TEL AVIV (Jerusalem Post)—The Knesset must do the moral thing and recognize the Armenian Genocide, Israeli Knesset Speaker Yuli Edelstein said at a Knesset Education, Culture and Sport Committee meeting on Wednesday.
“I visited one of the Armenian memorial sites and it is very hard to ignore what I saw there,” Edelstein recounted. “I expect that I and the Knesset behave appropriately so that we can make decisions according to the moral standards of a democratic state.”
During the meeting, Edelstein explained that though many governments do not recognize the atrocity as an act of genocide, their parliaments clearly do.
“I will try to promote the issue and I hope that MKs [Members of Knesset] will know the right way to vote in the moment of truth,” he stated.
Only 22 countries recognize the 1915 massacres of Ottoman Armenians as genocide, most recebtly including Germany, Belgium, and Brazil.
Though the Knesset sent a delegation to Armenia to participate in the Armenian government’s 100th anniversary commemoration ceremony in April, Israel does not formally recognize the Armenian Genocide, hoping that it can repair ties with Turkey. Israel is also friendly with Azerbaijan, being a major trading and security partner.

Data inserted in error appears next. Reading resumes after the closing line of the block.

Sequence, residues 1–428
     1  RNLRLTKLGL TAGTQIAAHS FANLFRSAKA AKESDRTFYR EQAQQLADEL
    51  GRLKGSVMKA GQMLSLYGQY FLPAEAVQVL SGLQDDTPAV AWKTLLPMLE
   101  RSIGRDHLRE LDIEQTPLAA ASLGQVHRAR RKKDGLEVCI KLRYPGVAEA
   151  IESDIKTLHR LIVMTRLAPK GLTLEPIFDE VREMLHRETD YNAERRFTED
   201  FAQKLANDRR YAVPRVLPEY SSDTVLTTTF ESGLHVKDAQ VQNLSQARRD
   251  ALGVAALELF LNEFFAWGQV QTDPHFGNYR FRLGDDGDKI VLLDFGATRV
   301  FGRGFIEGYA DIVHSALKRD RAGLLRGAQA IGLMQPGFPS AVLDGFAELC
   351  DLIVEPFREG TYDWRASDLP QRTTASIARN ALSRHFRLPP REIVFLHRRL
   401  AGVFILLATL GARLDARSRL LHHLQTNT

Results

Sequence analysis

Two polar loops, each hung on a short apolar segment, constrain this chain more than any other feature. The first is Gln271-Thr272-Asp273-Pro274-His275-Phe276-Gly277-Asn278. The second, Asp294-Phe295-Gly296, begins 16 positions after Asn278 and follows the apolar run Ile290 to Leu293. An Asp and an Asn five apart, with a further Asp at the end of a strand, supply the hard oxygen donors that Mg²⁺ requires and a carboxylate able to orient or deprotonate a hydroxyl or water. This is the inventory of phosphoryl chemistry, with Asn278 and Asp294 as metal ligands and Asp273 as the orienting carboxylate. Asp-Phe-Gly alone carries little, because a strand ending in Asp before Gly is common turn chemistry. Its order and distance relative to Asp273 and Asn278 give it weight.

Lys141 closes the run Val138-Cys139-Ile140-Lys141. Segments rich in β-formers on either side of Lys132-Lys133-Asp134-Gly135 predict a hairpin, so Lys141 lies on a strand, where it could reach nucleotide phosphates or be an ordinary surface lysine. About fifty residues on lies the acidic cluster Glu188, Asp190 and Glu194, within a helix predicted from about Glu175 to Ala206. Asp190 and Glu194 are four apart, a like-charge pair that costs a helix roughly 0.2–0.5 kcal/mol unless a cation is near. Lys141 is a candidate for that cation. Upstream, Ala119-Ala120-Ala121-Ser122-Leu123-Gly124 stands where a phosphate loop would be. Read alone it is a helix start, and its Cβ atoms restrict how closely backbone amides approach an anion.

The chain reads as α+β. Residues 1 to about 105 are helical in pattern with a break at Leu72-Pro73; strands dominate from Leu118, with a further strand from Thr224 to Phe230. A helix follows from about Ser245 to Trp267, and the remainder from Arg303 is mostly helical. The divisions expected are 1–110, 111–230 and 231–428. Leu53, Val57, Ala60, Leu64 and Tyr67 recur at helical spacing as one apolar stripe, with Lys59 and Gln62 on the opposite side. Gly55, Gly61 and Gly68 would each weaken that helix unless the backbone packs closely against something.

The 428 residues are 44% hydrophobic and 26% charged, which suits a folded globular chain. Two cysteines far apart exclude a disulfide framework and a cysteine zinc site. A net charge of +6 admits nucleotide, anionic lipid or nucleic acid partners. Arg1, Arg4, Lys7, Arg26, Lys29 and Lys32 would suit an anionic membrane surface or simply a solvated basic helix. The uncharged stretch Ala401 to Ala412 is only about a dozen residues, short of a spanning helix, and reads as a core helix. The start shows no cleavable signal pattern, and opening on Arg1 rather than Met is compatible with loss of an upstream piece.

Education, Culture and Sport Committee Chairman Ya’acov Margi said, “We are aware of the diplomatic sensitivities, but we overcame them and the time has come for the government to do so, too.”
Margi called for the Israeli government to recognize the Genocide and for the Knesset plenum to make a historic decision in keeping with Jewish values.
“Ignoring [the Armenian Genocide] will bring the next genocide,” said MK Zehava Gal-On, who initiated the meeting along with MK Nachman Shai.
Shai, who attended the memorial ceremony in Armenia, said: “We want to be in the international arena with countries that respect morals. Israel, the state of the Jewish People, must recognize what happened to the Armenians. Nothing will change in our relations with Turkey or Azerbaijan.”
Foreign Ministry representative Oded Yosef said that Israel has ties with Armenia and cooperates with the country on many projects, but the international debate as to whether Ottoman Armenians were victims of genocide or not is a political one about semantics.
“It would bring honor to Israel to recognize the Armenian Genocide. It was a tragedy, but the word tragedy is not enough,” said Gal-On in response to the Foreign Ministry’s statement.